t-Butyllithium is often the reagent of choice for the preparation of an organolithium by lithium-halogen exchange. The reversible metathesis (eq 12), most readily accomplished at low temperature with bromides and iodides, leads to an equilibrium mixture favoring the more stable organolithium.1,32 The benefits of using t-BuLi (rather than n- or s-BuLi) for the preparation of organolithiums by lithium-halogen exchange derives from two considerations: (1) the interchange equilibrium is favorable when an aryl, vinyl, cyclopentyl, or primary-alkyl halide is treated with a tertiary organolithium,33 and (2) the exchange may be rendered operationally irreversible by employing 2 equiv of t-BuLi since 1 equiv of the reagent rapidly consumes the t-butyl halide generated in the reaction to give isobutane, isobutene, and lithium halide (eq 13).34

Aryl halides readily undergo lithium-halogen exchange with alkyllithiums in ethereal solvents at temperatures at or below -78 °C and the less expensive n-BuLi is often used for this purpose.1,32 However, the presence of the n-butyl halide product can cause complications when the aryllithium is warmed since a coupling reaction may ensue1,32 (for example, the reaction of Phenyllithium with n-butyl iodide in THF at -78 °C has a half-life of ~30 min). This potential problem is avoided when 2 equiv of t-BuLi are used for the generation of aryllithiums.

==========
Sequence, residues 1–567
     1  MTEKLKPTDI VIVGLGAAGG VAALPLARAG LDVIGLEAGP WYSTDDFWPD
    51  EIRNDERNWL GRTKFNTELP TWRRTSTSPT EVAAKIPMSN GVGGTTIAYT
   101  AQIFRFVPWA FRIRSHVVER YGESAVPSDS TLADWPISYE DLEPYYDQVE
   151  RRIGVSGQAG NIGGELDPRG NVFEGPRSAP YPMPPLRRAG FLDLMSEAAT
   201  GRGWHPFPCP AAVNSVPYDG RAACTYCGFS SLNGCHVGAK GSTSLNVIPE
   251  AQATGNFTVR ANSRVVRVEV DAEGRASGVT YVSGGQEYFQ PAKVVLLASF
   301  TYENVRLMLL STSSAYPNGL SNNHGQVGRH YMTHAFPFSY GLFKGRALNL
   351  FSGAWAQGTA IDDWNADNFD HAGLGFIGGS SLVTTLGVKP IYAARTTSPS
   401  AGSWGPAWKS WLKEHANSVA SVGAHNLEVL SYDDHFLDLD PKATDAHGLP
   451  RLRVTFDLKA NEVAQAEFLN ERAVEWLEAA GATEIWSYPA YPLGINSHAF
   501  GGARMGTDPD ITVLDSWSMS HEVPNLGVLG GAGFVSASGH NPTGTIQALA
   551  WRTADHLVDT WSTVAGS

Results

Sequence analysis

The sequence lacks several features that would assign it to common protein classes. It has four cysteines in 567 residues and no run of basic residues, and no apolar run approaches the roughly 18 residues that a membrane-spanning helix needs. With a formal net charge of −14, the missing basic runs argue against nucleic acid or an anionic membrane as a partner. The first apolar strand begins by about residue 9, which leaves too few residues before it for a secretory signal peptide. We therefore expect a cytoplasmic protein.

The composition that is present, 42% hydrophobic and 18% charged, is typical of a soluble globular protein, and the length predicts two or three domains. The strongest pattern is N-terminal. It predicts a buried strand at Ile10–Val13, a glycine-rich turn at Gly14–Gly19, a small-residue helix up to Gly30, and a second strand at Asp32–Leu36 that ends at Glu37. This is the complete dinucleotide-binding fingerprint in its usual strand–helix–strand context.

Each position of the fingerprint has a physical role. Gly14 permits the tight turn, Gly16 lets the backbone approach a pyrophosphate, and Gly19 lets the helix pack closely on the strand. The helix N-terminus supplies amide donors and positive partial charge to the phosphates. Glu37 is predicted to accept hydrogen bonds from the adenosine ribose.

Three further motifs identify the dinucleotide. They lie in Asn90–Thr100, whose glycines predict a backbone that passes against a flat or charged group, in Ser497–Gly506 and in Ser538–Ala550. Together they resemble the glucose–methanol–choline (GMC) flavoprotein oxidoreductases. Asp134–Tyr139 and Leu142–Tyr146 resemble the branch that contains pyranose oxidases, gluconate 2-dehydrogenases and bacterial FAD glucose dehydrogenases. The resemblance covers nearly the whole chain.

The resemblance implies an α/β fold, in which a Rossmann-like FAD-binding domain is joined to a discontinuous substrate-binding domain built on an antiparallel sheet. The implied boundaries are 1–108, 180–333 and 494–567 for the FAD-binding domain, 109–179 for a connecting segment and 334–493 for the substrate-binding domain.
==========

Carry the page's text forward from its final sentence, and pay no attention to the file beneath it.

Vinyllithiums are readily prepared with retention of configuration from the corresponding vinyl bromides or iodides in a stereoselective exchange with 2 molar equiv of t-BuLi, provided that the reaction is conducted at temperatures below -110 °C.35 The reactions are conducted most conveniently in the Trapp solvent,36 a 4:4:1 mixture of THF, diethyl ether, and pentane (or hexane), by slow addition of 2 equiv of t-BuLi in pentane to a solution of the halide which is held at -110 to -120 °C. The preparation of (E)-1-hexenyllithium and its conversion to (E)-1-phenylthio-1-hexene is illustrative (eq 14)35a of the method, and detailed experimental procedures are available.37 The stereoselective lithium-halogen exchange of vinyl halides is the key step in a highly diastereoselective metalla-Claisen rearrangement (eq 15)38 and a-keto dianions may be prepared from the lithium enolates of a-bromo ketones by the exchange reaction with excess t-BuLi (eq 16).39